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The King of Fighters XIII

The King of Fighters XII, which was released in 2009, looked beautiful and had a solid fighting system, but its dearth of single-player content and busted online functionally killed it for many players.

Now, The King of Fighters XIII is here, and it addresses all of the issues the previous installment faced. KoF XIII is an immensely robust game that adds a lot a new content to XII’s solid mechanics, and it easily earns this series the right to stand alongside other fighting giants in the genre’s spotlight. Now on it’s latest update – KoF XIII: Climax, it features new stages and as well as new fighters in the form of the powerful classics like Nests Style Kyo Kusanagi (EX Kyo Kusanagi), Iori Yagami with the Power of the Sacred Flame, Mr. Karate, Billy Kane and even the game’s final boss (in his human form) Saiki – albeit a more balanced, playable one.

As with its predecessors, The King of Fighters XIII features one-on-one fighting between two three-person teams. When one fighter goes down, the next is subbed in–after a brief but frequent loading screen — until one side’s team is exhausted. In the ring, gameplay feels similar to Street Fighter III: Third Strike Online Edition. Though quicker than Third Strike, XIII shares the same fundamentals of smart positioning and timing. Positioning comes from proficiency with the game’s movement options. With four types of jumps and a roll that can pass through anything but throws, it takes practice to navigate the battlefield quickly and efficiently.

When used well, these movement techniques make you feel nimble and keep the action focused on offense. You always want to be building momentum with fancy footwork and calculated strikes. But even at its most chaotic, the game still allows you time to think. There’s a satisfying tension in planning your next strike or in deciding how to break the enemy’s stride. XIII has its own rules of engagement, and understanding these rules — and when to break them — lets the game’s personality shine. As with any strong fighter, the ebb and flow of advanced play is as much about strategy as it is about execution.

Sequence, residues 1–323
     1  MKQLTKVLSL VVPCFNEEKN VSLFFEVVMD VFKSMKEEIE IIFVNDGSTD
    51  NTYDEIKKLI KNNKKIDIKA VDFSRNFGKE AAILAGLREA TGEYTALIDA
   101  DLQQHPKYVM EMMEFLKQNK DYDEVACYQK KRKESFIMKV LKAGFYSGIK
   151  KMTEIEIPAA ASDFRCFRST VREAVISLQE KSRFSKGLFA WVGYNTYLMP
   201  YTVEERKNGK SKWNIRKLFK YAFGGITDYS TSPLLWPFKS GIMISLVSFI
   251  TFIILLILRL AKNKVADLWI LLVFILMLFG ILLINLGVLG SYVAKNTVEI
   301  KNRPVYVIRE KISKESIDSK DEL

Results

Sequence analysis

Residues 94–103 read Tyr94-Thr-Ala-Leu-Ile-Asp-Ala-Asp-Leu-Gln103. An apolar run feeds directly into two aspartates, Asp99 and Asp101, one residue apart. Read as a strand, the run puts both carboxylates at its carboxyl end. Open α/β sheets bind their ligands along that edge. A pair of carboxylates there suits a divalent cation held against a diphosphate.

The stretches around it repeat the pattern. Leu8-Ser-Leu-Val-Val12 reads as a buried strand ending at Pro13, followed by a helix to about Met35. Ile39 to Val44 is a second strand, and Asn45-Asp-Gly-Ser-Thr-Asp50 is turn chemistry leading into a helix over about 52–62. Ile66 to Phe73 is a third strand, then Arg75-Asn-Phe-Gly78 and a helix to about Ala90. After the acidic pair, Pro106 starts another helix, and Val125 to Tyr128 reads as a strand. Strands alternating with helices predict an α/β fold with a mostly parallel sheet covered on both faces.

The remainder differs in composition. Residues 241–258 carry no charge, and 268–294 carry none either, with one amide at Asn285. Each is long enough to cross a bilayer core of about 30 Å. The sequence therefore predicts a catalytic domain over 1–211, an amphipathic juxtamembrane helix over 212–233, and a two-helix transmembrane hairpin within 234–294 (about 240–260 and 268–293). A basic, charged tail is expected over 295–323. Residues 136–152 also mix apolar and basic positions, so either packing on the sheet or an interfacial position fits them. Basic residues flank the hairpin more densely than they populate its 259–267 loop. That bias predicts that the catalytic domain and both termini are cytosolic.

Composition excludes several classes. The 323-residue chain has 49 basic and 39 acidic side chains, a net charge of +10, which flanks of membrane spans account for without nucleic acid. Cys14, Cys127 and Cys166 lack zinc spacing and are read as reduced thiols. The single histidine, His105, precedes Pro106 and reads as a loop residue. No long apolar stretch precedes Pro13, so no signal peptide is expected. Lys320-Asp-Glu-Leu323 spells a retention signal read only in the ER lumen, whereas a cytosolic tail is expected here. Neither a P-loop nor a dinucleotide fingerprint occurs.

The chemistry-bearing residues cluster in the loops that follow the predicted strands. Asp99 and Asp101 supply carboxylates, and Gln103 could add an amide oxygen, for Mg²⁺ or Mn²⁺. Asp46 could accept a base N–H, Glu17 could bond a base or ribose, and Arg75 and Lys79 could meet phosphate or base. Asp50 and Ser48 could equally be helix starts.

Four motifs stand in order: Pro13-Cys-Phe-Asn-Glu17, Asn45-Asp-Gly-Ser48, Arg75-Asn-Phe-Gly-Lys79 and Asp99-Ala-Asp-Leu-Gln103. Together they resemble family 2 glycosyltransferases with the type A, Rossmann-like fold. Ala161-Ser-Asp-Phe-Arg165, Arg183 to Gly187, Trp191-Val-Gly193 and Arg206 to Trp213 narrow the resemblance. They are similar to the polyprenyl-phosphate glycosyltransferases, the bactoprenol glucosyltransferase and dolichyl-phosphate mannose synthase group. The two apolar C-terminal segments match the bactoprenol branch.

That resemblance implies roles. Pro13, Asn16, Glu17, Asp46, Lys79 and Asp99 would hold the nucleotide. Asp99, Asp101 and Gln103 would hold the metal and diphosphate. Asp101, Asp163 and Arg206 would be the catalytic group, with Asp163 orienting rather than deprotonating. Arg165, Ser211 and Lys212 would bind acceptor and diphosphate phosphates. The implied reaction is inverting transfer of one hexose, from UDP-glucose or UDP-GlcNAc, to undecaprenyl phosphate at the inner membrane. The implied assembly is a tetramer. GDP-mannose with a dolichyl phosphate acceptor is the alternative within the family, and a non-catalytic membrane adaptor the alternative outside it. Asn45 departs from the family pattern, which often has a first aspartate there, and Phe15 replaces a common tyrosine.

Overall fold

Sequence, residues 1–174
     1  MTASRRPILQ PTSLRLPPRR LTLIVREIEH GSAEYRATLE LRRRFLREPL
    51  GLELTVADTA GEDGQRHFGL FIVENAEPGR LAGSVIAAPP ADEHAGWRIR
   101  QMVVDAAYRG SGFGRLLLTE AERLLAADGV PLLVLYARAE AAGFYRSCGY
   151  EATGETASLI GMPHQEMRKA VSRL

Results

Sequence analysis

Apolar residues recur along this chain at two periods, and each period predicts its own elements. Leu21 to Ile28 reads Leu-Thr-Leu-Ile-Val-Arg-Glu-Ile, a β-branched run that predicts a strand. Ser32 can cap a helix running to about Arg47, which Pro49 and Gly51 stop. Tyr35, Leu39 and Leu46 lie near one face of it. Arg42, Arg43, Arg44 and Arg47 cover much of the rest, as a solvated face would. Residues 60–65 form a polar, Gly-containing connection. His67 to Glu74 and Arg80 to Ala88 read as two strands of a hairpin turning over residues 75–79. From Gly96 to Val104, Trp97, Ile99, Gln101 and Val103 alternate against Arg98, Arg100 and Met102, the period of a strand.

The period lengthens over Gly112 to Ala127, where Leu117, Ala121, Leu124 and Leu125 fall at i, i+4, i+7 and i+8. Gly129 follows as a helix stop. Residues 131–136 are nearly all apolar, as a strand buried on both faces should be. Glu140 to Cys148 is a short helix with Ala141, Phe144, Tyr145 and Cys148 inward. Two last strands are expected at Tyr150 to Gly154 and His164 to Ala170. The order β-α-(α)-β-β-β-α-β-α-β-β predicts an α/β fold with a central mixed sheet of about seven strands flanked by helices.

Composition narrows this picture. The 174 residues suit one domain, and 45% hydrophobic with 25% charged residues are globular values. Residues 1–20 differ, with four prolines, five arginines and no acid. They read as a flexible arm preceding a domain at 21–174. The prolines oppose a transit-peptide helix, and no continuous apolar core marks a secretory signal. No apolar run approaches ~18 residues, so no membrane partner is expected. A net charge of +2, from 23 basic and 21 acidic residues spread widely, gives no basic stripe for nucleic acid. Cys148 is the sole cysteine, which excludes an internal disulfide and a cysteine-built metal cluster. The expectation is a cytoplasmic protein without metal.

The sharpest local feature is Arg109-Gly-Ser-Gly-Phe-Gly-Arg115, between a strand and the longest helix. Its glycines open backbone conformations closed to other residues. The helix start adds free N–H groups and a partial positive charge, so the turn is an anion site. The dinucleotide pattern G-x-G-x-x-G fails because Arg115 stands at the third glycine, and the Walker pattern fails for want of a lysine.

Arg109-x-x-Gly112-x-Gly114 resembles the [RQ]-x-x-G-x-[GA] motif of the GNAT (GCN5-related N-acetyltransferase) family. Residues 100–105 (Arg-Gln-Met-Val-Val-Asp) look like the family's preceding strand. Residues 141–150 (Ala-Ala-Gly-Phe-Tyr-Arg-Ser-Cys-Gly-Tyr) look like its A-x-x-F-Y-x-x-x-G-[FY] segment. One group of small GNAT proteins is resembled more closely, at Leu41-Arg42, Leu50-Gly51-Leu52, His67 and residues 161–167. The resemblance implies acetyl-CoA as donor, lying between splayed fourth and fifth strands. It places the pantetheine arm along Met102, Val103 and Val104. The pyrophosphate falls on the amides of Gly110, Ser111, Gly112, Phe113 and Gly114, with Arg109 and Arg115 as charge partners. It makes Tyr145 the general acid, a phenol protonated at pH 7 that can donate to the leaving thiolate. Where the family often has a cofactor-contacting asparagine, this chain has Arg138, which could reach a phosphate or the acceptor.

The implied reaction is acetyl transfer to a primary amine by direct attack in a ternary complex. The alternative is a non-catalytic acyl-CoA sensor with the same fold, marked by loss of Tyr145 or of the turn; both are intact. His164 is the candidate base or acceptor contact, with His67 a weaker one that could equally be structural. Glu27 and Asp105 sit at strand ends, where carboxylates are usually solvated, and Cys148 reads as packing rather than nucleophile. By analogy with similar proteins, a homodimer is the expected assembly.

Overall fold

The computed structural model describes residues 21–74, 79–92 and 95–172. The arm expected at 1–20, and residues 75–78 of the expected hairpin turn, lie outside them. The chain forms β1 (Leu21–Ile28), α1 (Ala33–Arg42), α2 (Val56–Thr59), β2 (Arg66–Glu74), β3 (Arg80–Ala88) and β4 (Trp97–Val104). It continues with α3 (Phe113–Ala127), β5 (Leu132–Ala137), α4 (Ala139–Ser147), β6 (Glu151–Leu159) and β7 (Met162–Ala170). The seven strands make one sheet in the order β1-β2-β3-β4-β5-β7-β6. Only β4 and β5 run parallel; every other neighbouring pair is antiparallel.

Real-time fight begins – Japan Team vs Saiki (final boss)

There are three main gauges to manage in the game: Power, Hyper Drive, and Guard. In broad strokes, the power gauge focuses on offense; it is used for enhancing special attacks and desperation moves. Next, the hyper drive gauge is for being stylish. You can burn this meter to cancel or even connect certain special attacks into others or activate the new Hyper Drive Mode. In this mode, your character can link together moves and build combos that aren’t otherwise possible – therefore resulting in a more devastating gameplay. Finally, the guard gauge depletes as you block attacks. If you let it run out, your character enters a vulnerable crumple state — so be careful.

Screen-filling, devastating Neo Max from EX Kyo Kusanagi dubbed as “Saishuu Kessen Hiougi: Totsuka (Final Profound Battle Hidden Secret Technique: Ten Fists)”. How’s this for a super technique?

Last but not the least is the introduction of the new Neo Max – this is essentially your fighter’s super technique – similar to the Leader Desperation Move of the past KoF titles but with more power and effects added into it. You can use this (based on certain character’s commands) upon filling the hyper drive gauge/entering hyper drive mode and at least 2 stocks of your power bar filled in. You can also connect this with your Hyper Drive Mode dubbed as the new Max Cancel – essentially allowing players to finish their opponents with style en masse.